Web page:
1. California Supt. of Public Instruction Recommends On May 19, 2011, California State Superintendent of Public Instruction, Tom Torlakson, California’s highest elected education official, sent us a wonderful testimonial and offered to notify educators throughout the state about He wrote:”I’m pleased to encourage California educators to add to the tools they use to help students learn more about important issues and develop their critical thinking skills. I have used personally and recommend that California teachers and librarians take advantage of this great – and free -educational resource.”


  1. Honored in Congressional Record: On July 6, 2011, was highlighted in the Congressional Record when Congressman Rob Andrews (D-NJ) honored by reading a glowing statement about the organization on the floor of the US House of Representatives. His statement said in part: “It is my distinct pleasure to honor the staff of and wish them continued successes in their service to the American public. Their unbiased and truthful presentation makes a tremendous contribution to the political system.” Read the entire statement here.


  1. Workshop for Students at UCLA: On July 26, 2011, gave a 90-minute workshop titled “Using for Critical Thinking about Illegal Immigration” to about 75 Junior Statesmen of America (JSA) high school students attending JSA’s “Gene A. Burd Symposium on Los Angeles Media and Politics” on the UCLA campus.


  1. Launched “Headlines” Feature: On Aug. 26, 2011, launched a “Headlines” feature allowing visitors to read short articles about major news events which relate to research. We wrote 37 articles, and became an official news provider to Google.


  1. Selected as “Website of the Week” by Booklist: On Sep. 25, 2011, was selected as “Website of the Week” by Booklist, a 100-year old monthly publication of the American Library Association.Academic reference librarian Christine Bulson wrote in the review: “Do librarians still use [Taking Sides] books or do they find… Similar to Taking Sides, topics such as Sex and Gender, Sports, and Media and Entertainment have at least one pro con issue. A current, popular topic is ‘Social Networking…’ No more jotting down footnotes or bibliography items and finding them in the card catalog and in bound volumes of periodicals.”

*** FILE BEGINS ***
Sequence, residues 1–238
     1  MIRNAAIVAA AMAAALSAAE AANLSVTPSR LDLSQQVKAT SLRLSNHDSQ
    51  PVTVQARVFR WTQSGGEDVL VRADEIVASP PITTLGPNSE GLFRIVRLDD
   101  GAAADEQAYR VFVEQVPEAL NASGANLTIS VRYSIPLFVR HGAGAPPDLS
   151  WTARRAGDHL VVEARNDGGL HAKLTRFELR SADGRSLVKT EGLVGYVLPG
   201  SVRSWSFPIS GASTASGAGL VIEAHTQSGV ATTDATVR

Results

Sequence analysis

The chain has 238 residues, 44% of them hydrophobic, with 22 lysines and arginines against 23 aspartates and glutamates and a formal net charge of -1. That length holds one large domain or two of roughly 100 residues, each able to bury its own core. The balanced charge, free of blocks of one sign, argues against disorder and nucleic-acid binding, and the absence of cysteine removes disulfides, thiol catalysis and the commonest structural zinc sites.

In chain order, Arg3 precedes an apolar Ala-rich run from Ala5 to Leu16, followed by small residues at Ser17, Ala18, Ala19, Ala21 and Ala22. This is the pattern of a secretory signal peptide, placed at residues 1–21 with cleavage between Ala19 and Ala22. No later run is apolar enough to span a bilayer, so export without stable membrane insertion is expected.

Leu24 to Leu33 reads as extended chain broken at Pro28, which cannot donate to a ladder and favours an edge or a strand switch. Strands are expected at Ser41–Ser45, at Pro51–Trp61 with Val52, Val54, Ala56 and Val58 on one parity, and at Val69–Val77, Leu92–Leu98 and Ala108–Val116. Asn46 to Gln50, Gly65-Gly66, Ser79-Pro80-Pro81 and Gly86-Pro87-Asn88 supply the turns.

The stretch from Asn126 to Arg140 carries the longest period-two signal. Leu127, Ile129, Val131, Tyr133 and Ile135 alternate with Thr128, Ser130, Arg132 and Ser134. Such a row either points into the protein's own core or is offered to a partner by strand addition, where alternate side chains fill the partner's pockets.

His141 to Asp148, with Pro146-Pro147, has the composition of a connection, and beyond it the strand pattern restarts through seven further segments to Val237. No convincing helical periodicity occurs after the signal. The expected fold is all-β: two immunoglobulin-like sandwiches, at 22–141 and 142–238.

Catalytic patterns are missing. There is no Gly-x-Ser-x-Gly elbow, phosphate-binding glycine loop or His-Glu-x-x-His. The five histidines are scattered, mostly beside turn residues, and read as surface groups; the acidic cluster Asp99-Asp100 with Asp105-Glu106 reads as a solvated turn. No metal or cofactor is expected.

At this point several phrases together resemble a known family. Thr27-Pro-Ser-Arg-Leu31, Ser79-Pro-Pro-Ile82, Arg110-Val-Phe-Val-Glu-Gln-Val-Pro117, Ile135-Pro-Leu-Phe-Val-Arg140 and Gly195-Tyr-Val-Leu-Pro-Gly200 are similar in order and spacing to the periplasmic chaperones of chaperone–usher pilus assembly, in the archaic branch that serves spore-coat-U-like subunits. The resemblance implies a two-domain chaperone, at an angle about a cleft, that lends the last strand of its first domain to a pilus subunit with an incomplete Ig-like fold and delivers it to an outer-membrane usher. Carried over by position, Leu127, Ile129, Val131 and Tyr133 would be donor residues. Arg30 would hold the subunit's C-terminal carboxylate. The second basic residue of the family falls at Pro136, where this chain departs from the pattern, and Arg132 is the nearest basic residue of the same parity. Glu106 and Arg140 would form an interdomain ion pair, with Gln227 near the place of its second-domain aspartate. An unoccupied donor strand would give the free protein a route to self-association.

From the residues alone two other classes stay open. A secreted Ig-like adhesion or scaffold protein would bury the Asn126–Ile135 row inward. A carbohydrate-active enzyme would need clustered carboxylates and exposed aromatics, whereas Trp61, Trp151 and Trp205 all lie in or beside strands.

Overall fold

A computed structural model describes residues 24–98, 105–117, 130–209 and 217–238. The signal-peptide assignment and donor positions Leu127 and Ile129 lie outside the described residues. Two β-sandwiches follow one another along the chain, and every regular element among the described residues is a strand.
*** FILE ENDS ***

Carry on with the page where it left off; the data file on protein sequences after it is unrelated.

1. VIP Correspondence: We’ve received beneficial feedback and/or content from many VIPs. Here’s a random sample (in alphabetical order):
    • Tami Abdollah, Correspondent for the Associated Press (Oregon)
    • Ernest Abel, Professor of Obstetrics and Gynecology and Psychology at Wayne State University
    • Robert Andrews, US Congressman (D-NJ)
    • Paul Armentano, Deputy Director of the National Organization for the Reform of Marijuana Laws (NORML)
    • Stephanie Armour, Reporter for Bloomberg News
    • Richard Baum, Chief of the International Policy Branch at the Office of National Drug Control Policy (ONDCP)
    • Dave Brian, Editor of The 420 Times
    • Scott Brown, US Senator (R-MA)
    • Albert Carnesale, UCLA Chancellor Emeritus and Professor
    • Teresa S. Collett, Professor of Law at the University of St. Thomas School of Law
    • William A. Cook, Professor of English at the University of LaVerne
    • Robert Cottrell, Professor of History and American Studies at California State University at Chico
    • John E. Deasy, Superintendent of Schools for the Los Angeles Unified School District
    • Siobhan DeLancey, Team Leader for Food, Veterinary and Cosmetic Products in the FDA Office of Public Affairs
    • Marshall Forstein, Associate Professor of Psychiatry at Harvard Medical School
    • Alicia Gallegos, Staff Writer for American Medical News
    • Lisa Hardaway, Communications Director for Lambda Legal
    • Gilbert Herdt, Executive Director of the National Centers on Sexuality at San Francisco State University
    • Joe Hunter, Communications Manager for Governor Gary Johnson (R-New Mexico)
    • Ryan Jaslow, Associate Producer and Health Blogger, CBS News
    • Michael Kraft, Professor Emeritus of Political Science and Public and Environmental Affairs at the University of Wisconsin-Green Bay
    • Joe Mandese, Editor in Chief of MediaPost